February 1, 2016 Length: 1:34:34
The 33rd Annual Schmemann Lecture at St. Vladimir's Orthodox Seminary featured a talk by Archdeacon John Chryssavgis titled "Toward the Great and Holy Council: Retrieving a Culture of Conciliarity and Communion." The seminary also granted two honorary doctorates at the convocation. Archdeacon John received the degree Doctor of Divinity and Charles Ajalat received the degree Doctor of Canon Law.
Choir: Let us who love their words come together with hymns and honor the three great torch-bearers of the triune Godhead: Basil the Great, Gregory the Theologian, and John Chrysostom. These men have enlightened the world with the rays of their divine doctrines. They are flowing rivers of wisdom, and have filled all creation with springs of heavenly knowledge. They ceaselessly intercede for us before the Holy Trinity! [Troparion of the Synaxis of the Three Holy Hierarchs]
O Lord, heavenly King, the Comforter, the Spirit of truth, who art everywhere and fillest all things, Treasury of blessings and Giver of life, come and abide in us, and cleanse us from every impurity and save our souls, O Good One.
Eis polla eti, Despota.
Introduction: On behalf of the trustees of St. Vladimir’s Orthodox Theological Seminary, I have the pleasure of declaring the assembled body to be an official academic convocation of the seminary, and would like to call upon the Dean, Fr. John Behr, to preside over the convocation.
Fr. John Behr: Your Beatitude Metropolitan Tikhon, Your Grace Bishop Ilia, and Your Grace Bishop John, distinguished guests, fathers, brothers, and sisters: It’s a great pleasure and honor to welcome everybody here this evening to St. Vladimir’s Seminary for this annual lecture in memory of our former beloved dean, Fr. Alexander Schmemann. This event, along with the Fr. John Meyendorff Lecture at the beginning of the fall semester, they are the two most august academic convocations of our school year, along, of course, with our commencement. It’s these two figures, Fr. Alexander Schmemann and Fr. John Meyendorff, who are preeminently associated with St. Vladimir’s Seminary, its building up, its stature, its identity, its mission, and its work, and, indeed, on really must say, the shape and life of contemporary Orthodoxy in the West: our approach to liturgy, tradition, canonical order, or at least our quest for it, and theological reflection and expression more generally.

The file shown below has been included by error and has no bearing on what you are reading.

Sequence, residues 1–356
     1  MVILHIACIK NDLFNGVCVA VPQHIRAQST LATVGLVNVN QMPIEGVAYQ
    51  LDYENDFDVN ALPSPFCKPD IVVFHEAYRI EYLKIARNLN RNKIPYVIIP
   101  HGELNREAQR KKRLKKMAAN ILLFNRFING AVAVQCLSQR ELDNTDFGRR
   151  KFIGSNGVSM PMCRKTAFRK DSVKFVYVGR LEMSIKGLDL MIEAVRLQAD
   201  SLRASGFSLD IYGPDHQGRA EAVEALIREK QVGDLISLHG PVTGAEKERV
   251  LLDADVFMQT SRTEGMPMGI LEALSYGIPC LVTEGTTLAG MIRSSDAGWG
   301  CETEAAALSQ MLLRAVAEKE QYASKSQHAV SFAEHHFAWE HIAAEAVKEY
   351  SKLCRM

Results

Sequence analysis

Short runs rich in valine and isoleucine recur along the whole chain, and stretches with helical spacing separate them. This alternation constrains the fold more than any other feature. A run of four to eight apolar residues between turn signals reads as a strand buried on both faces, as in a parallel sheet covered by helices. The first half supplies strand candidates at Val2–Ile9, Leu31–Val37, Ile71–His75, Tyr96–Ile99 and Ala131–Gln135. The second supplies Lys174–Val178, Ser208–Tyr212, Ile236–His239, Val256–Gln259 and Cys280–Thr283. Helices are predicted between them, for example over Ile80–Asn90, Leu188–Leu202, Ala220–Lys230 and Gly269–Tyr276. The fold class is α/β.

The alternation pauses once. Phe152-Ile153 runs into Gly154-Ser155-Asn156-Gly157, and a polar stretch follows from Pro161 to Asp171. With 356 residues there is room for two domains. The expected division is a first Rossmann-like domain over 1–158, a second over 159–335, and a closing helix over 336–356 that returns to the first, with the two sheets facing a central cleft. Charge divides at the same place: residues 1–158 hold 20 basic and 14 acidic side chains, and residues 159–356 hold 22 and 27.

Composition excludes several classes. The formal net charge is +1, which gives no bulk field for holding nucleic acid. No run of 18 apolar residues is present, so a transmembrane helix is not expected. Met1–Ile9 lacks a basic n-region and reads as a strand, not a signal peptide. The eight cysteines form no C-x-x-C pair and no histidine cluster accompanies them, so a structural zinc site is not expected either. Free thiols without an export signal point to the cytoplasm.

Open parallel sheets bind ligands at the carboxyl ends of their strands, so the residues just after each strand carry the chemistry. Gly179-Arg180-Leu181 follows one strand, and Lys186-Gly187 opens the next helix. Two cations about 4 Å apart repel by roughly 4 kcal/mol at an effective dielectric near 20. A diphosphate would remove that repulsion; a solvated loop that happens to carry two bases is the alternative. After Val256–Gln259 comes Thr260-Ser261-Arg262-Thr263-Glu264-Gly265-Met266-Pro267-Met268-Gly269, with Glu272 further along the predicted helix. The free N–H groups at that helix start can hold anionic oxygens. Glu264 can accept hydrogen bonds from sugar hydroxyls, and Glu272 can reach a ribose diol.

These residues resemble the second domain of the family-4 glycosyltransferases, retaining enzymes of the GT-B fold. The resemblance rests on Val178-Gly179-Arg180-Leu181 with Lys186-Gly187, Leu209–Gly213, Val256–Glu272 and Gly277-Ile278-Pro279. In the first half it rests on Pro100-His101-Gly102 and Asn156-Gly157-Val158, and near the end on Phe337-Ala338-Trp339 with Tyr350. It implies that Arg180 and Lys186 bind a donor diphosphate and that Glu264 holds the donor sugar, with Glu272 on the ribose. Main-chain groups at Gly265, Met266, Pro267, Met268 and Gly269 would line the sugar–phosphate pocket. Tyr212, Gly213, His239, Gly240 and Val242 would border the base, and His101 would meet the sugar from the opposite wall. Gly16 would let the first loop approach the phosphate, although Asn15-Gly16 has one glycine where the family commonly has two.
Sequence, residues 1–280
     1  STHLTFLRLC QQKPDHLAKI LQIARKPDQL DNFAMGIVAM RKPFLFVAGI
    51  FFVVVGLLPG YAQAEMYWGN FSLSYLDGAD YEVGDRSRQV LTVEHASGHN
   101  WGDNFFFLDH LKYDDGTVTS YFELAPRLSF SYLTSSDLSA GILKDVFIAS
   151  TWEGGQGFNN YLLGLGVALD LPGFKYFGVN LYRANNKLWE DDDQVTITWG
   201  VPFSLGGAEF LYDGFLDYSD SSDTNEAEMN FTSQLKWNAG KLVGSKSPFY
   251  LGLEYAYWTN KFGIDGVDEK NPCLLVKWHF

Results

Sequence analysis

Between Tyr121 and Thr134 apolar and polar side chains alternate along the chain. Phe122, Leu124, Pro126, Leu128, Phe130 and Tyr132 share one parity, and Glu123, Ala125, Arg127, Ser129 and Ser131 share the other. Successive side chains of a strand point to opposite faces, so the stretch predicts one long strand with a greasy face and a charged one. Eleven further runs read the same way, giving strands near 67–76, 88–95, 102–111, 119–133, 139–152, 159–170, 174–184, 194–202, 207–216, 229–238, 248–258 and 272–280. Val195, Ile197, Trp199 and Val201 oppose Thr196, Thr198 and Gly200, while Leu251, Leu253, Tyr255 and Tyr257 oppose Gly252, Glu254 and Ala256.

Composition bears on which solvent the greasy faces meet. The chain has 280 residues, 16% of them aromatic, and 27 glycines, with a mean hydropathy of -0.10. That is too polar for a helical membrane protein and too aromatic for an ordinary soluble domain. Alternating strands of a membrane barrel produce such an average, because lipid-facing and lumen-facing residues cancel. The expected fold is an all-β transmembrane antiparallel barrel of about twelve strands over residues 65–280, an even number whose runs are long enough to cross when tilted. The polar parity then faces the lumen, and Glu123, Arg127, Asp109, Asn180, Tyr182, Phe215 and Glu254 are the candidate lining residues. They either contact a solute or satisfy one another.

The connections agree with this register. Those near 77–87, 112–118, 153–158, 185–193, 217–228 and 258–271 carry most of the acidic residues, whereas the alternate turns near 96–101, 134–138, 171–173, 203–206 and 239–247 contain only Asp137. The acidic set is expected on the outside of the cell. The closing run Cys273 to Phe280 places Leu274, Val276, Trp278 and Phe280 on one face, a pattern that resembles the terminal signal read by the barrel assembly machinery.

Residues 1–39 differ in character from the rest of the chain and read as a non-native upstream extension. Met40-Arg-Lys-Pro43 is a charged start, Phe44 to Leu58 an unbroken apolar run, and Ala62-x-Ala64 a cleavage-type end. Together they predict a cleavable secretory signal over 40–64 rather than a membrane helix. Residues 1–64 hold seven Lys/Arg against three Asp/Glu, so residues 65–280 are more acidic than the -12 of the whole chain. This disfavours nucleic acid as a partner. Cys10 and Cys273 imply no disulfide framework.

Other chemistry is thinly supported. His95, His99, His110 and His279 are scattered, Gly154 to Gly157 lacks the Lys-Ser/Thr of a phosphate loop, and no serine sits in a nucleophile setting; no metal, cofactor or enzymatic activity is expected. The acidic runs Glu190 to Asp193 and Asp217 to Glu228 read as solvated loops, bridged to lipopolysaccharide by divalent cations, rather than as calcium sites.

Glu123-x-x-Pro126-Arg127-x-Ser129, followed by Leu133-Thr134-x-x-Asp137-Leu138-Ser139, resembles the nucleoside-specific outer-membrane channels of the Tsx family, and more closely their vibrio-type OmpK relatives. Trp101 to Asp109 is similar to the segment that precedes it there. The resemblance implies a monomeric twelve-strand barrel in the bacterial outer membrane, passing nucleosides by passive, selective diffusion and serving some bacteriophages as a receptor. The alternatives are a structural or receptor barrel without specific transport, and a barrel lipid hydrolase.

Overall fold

Fr. Alexander in particular was also deeply concerned about and engaged with the broader world, the world of art and literature, the beauty of culture, and indeed the world itself, and spoke passionately about the dangers of increasing secularization. In one way or another, these characteristics are also shared by those whom we’ve invited to speak in his honor over the past three decades, covering the full range of topics from the more theological to music and everything in between.
And this evening we also have the honor of being able to bestow honorary doctorates upon two most-worthy candidates. The first, Mr. Charles Richard Ajalat, is well-known to us at St. Vladimir’s Seminary, having been a member of the Board of Trustees for many, many years, and always involved in and concerned for our life and our work thereafter. And this involvement looks set to continue in the next generation, as Charles’s son, Richard, is a recent alumnus of our seminary. Welcome, Richard.
Charles’s work, for the Orthodox Church and beyond over the last decades has been extensive, hugely significant and influential. He served as a chancellor of the Self-ruled Antiochian Orthodox Christian Archdiocese for over 18 years, and through his efforts, both in this role and beyond, many key Orthodox organizations were founded, efforts initiated, which have served literally millions of people. Charles was involved in the formation of the humanitarian aid agencies of SCOBA, first as the Orthodox Christian Charities, and then as IOCC, the International Orthodox Christian Charities, which has now distributed over $500 million of aid in people in more than 50 countries. He was instrumental in the transformation of the Greek Orthodox Missions Board into the Orthodox Christian Mission Center, bringing the Gospel to so many all around the world. He’s a person behind one of the largest Orthodox philanthropic organizations, Orthodox Vision Foundation, which has helped innumerable Orthodox institutions, again, around the world. And in the last half-dozen years, he began FOCUS North America, “FOCUS” standing for the Fellowship of Orthodox Christians United to Serve, which distributes over $7 million a year in aid to hundreds of thousands in need in over 50 American cities.
Besides all of these charitable and missionary works, Charles has also been involved in many other levels and dimensions of Church life in American and throughout the world. He was a key figure leading to the first Conference Assembly of Canonical Bishops in North America. Through his influence with the Patriarch of Moscow and the leaders of the Parliament, Charles was a significant and influential force in the 1993 adoption of the laws on religious freedom. He was also influential in bringing together 74 members of the U.S. House of Representatives to urge the Secretary of State to make the release of the kidnapped bishops in Syria a top priority.